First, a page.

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internet may be deployed in a democratic and emancipatory manner by a growing planetary citizenry that is using the new media to become informed, to inform others, and to construct new social and political relations. In the wake of the 11 September terror attacks and resulting terror war on a global scale, a tide of political activism has risen, with the internet playing an increasingly central role (Kellner, 2003). In late 2002 and early 2003, global anti-war movements began to emerge as signicant challenges to Bush administration policies against Iraq and the growing threat of conict. Reaching out to broad audiences, political groups such as MoveOn (http://www.moveon.org), ANSWER (http://www.internationalanswer.org), and the United for Peace & Justice (http://www.unitedforpeace.org) used the internet to circulate anti-war information, organize demonstrations, and promote a wide diversity of anti-war activities. One need only recall the unprecedented public demonstration of millions around the world on 15 February 2003, calling for peace in unison to realize that the new media represent a groundbreaking tool for global democracy. Indeed, after using the internet to successfully organize a wide range of anti-war and anticorporate globalization demonstrations, activists (including many young people) are now continuing to build a virtual bloc that monitors, critiques, and ghts against the sort of aggressive versions of Western capitalism and imperialism being promoted by Bush, Blair, and their neo-liberal G8 counterparts. The global internet, then, is creating the base and the basis for an unparalleled worldwide anti-war/pro-peace and social justice movement during a time of terrorism, war, and intense political struggle. Correspondingly, the internet itself has undergone radical transformations during this time. New web forms of design, such as web logs and wikis,1 have evolved the internets hypertextual architecture, even as such online phenomena as hacker culture, terrorism, and internet militancy have emerged from the technical-fringe to become a central feature of everyday life on the world wide web. In what follows, we will briey examine how the internet has become steadily politicized in recent times, and how internet developments themselves have furthered oppositional politics generally. However, while our analysis will look to chart what we believe are some of the most interesting and powerful expressions of a politicized sensibility occurring today in new media spheres, our analysis is anything but another paean to cybergnosis and the digital sublime. Rather, we believe that the internet activism of today is best perceived as informed by the spirit of the EZLN, the Battle of Seattle, and the diverse amalgams of social movements and subcultures that have matured along with the new media over the last ve years. This is the internet as a living, historical force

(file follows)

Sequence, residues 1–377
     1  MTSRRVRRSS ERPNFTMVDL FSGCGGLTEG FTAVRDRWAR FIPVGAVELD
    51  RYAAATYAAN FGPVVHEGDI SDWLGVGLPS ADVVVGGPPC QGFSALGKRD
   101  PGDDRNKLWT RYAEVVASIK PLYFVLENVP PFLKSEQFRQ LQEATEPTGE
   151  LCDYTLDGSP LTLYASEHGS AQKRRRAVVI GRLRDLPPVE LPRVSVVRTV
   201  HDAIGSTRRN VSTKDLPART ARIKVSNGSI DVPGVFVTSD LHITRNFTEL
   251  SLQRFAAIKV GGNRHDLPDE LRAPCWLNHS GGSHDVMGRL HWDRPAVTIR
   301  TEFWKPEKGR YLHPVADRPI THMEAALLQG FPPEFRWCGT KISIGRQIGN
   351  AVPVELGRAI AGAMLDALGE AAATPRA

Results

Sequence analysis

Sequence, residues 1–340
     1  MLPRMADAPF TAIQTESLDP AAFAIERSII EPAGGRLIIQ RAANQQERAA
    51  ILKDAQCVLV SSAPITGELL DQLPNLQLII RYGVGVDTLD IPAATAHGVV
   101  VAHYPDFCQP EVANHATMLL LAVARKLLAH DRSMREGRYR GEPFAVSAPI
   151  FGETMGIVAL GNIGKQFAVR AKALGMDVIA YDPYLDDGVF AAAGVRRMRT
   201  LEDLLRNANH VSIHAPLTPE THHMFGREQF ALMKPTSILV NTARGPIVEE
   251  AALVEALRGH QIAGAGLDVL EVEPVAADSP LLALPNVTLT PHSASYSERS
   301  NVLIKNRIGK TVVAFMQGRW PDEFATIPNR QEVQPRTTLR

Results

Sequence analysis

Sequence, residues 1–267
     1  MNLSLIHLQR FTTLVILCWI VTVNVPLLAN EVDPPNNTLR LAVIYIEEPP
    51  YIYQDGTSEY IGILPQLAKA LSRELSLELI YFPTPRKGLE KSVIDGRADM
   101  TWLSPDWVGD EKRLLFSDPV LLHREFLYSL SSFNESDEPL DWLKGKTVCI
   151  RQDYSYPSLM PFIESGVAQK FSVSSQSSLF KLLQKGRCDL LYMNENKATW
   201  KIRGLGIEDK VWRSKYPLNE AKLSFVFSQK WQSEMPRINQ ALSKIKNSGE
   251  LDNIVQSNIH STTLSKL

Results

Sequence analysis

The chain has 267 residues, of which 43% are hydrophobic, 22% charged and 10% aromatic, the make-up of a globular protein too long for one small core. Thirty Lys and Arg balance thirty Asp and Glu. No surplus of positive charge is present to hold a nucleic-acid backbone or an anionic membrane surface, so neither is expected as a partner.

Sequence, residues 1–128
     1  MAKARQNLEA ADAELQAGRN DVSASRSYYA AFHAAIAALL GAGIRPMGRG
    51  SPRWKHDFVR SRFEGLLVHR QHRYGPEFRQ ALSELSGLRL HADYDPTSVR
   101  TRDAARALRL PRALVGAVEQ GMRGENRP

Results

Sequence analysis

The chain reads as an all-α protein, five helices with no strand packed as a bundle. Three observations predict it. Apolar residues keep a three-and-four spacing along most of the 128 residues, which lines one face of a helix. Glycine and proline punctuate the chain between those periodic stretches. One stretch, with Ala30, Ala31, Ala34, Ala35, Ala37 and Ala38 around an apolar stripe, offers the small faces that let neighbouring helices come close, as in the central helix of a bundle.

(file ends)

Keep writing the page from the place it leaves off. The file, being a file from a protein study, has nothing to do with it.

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and one of the keys to understanding and shaping the political and cultural life of the present age. HACKING THE SYSTEM TO BYTES: THE INTERNET IN SOCIAL STRUGGLE In opposition to the capitalist strategy of globalization-from-above, subcultures of cyberactivists have been attempting to carry out globalizationfrom-below, developing networks of solidarity and propagating oppositional ideas and movements throughout the planet.2 Against the capitalist international of transnational corporate-led globalization, a Fifth International, to use Watermans (1992) phrase, of computer-mediated activism is emerging that is qualitatively different from the party-based socialist and communist internationals. As the virtual community theorist Howard Rheingold notes (2002), advances in personal, mobile informational technology are providing rapidly the structural elements for the existence of fresh kinds of highly-informed, autonomous communities that coalesce around local lifestyle choices, global political demands, and everything inbetween. These multiple networks of connected citizens and activists transform the so-called dumb mobs of totalitarian and polyarchical states into smart mobs of socially active personages who are linked by notebook computers, personal digital assistant (PDA) devices, internet cellphones, pagers, and global positioning systems (GPS). Thus, while emergent mobile technology provides yet another impetus towards experimental identity construction and politics, such networking also links diverse communities such as labor, feminist, ecological, peace, and various anti-capitalist groups, providing the basis for a new politics of alliance and solidarity to overcome the limitations of postmodern identity politics (see Best and Kellner, 2001; Burbach, 2001; Dyer-Witheford, 1999). Of course, right-wing and reactionary forces can, and have, used the internet to promote their political agendas as well, and an additional twist in the saga of technopolitics3 seems to be that allegedly, terrorist groups are now using the internet increasingly to promote their causes. This has led to the post-Patriot Act implementation of powerful governmental surveillance systems such as Echelon and Carnivore, which monitor all forms of electronic information for keywords and behavior patterns that are deemed potentially threatening. Furthermore, the Bush administration has begun the attempt to discontinue websites which, it suspects, terror cells are frequenting to gain information and organize terrorist attacks as happened infamously to Al Qaedas Alneda.com. Moreover, the Bush administration proposed a TIA (Total Information Awareness, quickly changed to Terrorism Information Awareness) databank that would combine all extant data on individuals in one location, evoking fears of a digital panopticon.